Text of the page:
LONDON (BLOOMBERG) - The UK government urgently called on the public to follow lockdown rules as a continuing surge in coronavirus infections pushed the number of patients on ventilators to its highest level since April.
Home Secretary Priti Patel warned police are cracking down on those "putting the health of the nation at risk by not following the rules," as she raised the prospect of a tougher lockdown in England in the coming weeks.
More police officers are being sent out on dedicated patrols and they have been told to issue fines more quickly where people are "clearly breaching regulations," Martin Hewitt, chairman of the National Police Chiefs Council, told a press conference alongside Patel on Tuesday evening.
They were speaking as the latest official UK data showed there were 3,363 people in mechanical ventilation beds, the most since the pandemic began. There were also 1,243 new deaths from Covid-19 within 28 days of a positive test, and 35,075 people hospitalised with the disease.
Thousands of hospital patients will be discharged early to hotels or their own homes to free up beds for coronavirus sufferers requiring life-or-death care, the Guardian newspaper reported Wednesday, in a move aimed at preventing the National Health Service from collapse.
Vin Diwakar, the NHS medical director for London, said the pandemic is the "biggest health emergency this country has faced since the Second World War" as he warned people to continue to take the pandemic seriously.
Coronavirus is a "horrible disease that leaves so many, including young people, breathless and gasping for life," he told reporters. If infections keep rising, the NHS in the capital and beyond will struggle to treat other conditions, he said.
Some non-Covid patients are already being treated at the Nightingale overspill hospital in east London and a point will soon be reached where "more and more patients from London will need to be transferred elsewhere," he said.
England is currently in its third national lockdown, with the public ordered to stay at home and schools shut to most pupils. But ministers have come under pressure to explain why some places, such as garden centres and nurseries for pre-school children, can remain open during a time of crisis - and why many people are still allowed to go to work.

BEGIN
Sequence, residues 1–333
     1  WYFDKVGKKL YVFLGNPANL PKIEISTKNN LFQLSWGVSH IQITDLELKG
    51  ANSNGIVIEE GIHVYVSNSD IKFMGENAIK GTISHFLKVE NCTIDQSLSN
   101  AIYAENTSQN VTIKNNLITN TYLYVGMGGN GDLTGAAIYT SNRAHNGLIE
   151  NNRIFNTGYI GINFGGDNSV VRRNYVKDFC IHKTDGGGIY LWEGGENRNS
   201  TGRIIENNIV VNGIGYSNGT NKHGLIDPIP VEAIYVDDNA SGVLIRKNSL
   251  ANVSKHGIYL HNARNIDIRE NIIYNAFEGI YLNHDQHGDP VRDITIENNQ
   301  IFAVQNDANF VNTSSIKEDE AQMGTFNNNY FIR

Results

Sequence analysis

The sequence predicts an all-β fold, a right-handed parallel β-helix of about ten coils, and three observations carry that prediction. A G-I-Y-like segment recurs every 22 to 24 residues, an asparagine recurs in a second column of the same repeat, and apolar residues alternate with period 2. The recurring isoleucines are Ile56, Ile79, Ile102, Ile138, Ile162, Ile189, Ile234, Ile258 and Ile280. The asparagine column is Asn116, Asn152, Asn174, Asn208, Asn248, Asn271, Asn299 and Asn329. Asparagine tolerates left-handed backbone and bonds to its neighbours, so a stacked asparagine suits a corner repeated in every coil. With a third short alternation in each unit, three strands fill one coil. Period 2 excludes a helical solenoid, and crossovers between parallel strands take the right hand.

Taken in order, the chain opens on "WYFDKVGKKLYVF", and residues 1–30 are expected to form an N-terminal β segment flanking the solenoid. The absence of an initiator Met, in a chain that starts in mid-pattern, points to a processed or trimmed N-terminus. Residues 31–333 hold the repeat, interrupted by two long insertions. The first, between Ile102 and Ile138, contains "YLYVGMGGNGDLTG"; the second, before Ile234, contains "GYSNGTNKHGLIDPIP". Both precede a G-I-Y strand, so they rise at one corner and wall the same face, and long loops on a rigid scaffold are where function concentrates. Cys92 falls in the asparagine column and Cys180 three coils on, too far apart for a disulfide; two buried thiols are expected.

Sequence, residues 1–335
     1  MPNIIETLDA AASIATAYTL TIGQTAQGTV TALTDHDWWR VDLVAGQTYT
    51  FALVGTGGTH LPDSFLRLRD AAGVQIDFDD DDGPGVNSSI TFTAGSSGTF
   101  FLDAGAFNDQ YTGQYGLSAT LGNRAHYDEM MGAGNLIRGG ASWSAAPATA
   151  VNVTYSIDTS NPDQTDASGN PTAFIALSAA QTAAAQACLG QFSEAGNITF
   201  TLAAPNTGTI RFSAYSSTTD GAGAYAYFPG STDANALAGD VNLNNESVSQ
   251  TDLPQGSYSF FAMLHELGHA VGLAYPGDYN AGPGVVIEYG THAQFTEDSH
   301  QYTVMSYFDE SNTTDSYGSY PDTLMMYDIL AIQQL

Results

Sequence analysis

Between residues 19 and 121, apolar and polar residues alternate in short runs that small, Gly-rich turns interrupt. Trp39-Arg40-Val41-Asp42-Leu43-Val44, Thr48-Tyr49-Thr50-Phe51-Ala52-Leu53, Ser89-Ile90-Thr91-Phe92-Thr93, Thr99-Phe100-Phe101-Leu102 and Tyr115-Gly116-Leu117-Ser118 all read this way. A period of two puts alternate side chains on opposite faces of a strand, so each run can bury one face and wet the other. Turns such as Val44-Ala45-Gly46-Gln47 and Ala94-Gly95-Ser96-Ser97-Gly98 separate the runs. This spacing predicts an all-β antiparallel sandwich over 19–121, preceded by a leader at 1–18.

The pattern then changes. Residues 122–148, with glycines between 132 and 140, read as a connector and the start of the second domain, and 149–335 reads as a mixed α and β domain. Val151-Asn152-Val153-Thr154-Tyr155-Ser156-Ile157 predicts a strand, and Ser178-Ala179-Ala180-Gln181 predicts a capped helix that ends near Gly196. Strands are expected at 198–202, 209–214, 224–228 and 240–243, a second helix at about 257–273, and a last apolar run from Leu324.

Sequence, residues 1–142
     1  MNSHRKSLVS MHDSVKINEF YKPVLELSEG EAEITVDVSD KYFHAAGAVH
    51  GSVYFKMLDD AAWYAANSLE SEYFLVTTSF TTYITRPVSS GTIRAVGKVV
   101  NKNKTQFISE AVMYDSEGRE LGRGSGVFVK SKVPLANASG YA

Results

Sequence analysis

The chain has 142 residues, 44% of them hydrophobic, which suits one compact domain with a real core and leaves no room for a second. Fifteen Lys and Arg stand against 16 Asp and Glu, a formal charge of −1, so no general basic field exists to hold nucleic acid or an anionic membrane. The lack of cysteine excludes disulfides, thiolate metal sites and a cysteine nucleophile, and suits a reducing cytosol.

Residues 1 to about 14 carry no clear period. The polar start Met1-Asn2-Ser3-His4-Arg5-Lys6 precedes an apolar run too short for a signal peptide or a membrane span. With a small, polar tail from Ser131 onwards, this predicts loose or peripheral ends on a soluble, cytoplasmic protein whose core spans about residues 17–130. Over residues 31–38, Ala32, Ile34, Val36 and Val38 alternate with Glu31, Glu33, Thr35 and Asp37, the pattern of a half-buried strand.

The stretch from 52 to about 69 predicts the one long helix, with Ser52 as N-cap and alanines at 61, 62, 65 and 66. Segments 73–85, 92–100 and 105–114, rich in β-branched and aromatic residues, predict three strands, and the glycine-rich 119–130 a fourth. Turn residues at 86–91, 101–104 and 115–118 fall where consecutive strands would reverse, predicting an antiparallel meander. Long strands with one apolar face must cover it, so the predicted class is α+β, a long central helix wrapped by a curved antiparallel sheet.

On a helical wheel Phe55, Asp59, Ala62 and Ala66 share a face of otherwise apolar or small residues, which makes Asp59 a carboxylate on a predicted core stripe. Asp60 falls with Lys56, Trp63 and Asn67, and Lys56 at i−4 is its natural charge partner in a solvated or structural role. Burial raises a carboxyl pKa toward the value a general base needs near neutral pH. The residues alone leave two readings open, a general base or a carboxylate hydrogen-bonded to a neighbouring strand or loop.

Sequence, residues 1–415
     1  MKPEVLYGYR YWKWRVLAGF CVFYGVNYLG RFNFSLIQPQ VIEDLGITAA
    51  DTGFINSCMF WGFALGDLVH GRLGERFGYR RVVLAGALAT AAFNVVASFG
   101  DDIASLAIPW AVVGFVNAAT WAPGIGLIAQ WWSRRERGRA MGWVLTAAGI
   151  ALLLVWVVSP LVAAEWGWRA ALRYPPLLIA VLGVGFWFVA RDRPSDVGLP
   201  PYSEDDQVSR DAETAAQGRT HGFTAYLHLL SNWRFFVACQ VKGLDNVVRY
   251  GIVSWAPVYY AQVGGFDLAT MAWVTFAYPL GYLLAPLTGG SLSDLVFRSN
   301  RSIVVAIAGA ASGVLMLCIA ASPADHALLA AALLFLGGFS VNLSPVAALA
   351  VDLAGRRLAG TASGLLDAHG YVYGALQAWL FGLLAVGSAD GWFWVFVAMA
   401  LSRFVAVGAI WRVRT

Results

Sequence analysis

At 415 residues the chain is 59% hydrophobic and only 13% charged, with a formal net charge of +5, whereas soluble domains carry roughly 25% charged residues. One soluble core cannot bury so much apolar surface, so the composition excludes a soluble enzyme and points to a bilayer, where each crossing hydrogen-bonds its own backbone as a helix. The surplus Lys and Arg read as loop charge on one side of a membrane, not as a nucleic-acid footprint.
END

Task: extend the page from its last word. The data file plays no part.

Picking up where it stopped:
Patel insisted the message is clear and the rules are "not more relaxed" than the first lockdown last spring. She didn't rule out stricter lockdown measures in the coming weeks if cases continue to soar. "These issues are live within government," she said.
Prime Minister Boris Johnson was criticised this week for appearing to bend the lockdown rules himself, by cycling at the Olympic Park in east London, 11km from his Westminster home.
Government guidelines say outdoor exercise should be limited and people should stay in their local area. Asked about this on Tuesday, Patel said people should not socialise and they should stay away from others - "which is clearly what the prime minister did when he was taking his daily exercise."
Hewitt acknowledged mistakes have been made by police enforcing the rules because it is such an unprecedented situation, but he said there are "still too many people choosing not to comply" with the regulations and they are "endangering us all."
He listed some examples, including a boat party in Hertfordshire where more than 40 people had paid 30 pounds (S$54) each for tickets, and a minibus full of people from different households travelling from Cheltenham, southwest England, to Wales for a walk.